Warning signs were erected after Tropical Storm Otto.
Many roadways across the territory were impacted by the heavy rains that soaked St. John in September and October, but the way one subdivision is possibly fixing their problems has caused controversy on island.
Several areas of Upper Carolina’s roads were undermined by the severe runoff from Tropical Storm Otto. While damage to Upper Carolina resident Carey Mercurio’s piece of the hillslide has not been missed by anyone who drives to Coral Bay along Centerline Road, there were also several additional areas on the subdivision’s estate roads that were undermined as the hillsides below them gave way.
Since the roads in Upper Carolina are private estate roads, the government can’t use public funds to fix them. The issues could potentially run up to the thousands, if not millions, however, Upper Carolina Land Owners’ Association officials have not gotten any estimates yet on how much it will cost to fix the roads.
Regardless of the final price tag, Upper Carolina officials have said that they don’t have the money to repair the dangerous conditions.
“We don’t have any idea how to fix what we’ve got either long-term or short-term,” Upper Carolina Land Owners Association President Gerry Hills previously told St. John Tradewinds. “And we have no way to pay for it.”
With the problem not about to go away, residents in the area are considering three options to get their roads fixed, explained Hills.
“We’re working with Senator [Louis] Hill and Senator at Large Craig Barshinger to find a way to get the roads repaired,” said Hills. “We’re doing three things. One thing is an Act that was passed by Senator Hill that has two parts to it.”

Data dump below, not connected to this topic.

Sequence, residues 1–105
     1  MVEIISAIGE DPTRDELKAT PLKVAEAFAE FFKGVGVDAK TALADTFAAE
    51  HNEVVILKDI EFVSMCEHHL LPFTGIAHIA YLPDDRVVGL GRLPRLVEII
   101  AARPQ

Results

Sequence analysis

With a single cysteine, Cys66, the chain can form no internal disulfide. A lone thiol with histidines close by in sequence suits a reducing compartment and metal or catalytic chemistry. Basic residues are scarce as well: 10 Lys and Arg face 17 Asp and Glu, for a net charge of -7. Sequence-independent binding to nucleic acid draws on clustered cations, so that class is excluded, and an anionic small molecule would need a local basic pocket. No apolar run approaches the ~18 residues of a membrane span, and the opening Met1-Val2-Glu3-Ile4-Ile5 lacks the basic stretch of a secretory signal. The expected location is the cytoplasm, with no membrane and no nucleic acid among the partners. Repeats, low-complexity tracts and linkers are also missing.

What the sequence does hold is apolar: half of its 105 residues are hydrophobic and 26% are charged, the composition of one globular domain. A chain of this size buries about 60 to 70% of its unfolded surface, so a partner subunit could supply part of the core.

“One part is we can ask to get the Department of Public Works commissioner to repair the roads and keep them private if they are determined to be essential to the territory,” Hills said. “The other part of that Act is to petition the senate to turn the roads public and that would take a full meeting and a vote.”
Bill 25-0030, which became Act 6634, was passed in December 2003, and has two main sections. Title 20, Chapter 1, Section 3(a) deals with public use of private roads.
“A process is established whereby owners of a private (estate) road can collectively petition DPW to pave and repair their road by dedicating it as a public road, for public use,” according to information provided by Senator Louis Hill. “They give up the ability to keep it as a private road. This process is accomplished by having the owners sign a petition, sending a copy to the DPW, and asking a Senator to put in a bill request to make it a public road.”
The second part of the Act allows for the DPW commissioner to determine if the road is “essential for public use,” and does not require legislative approval.
“Title 20, Chapter 1, Section 3(b) allows the Commissioner of Public Works to determine that a private road is essential for public use and allows him to pave and repair it at the request of the owners of the road and at his own discretion,” according to information provided by Senator Hill. “No legislative approval is necessary, and the road remains a private road which is then open for use by the public.”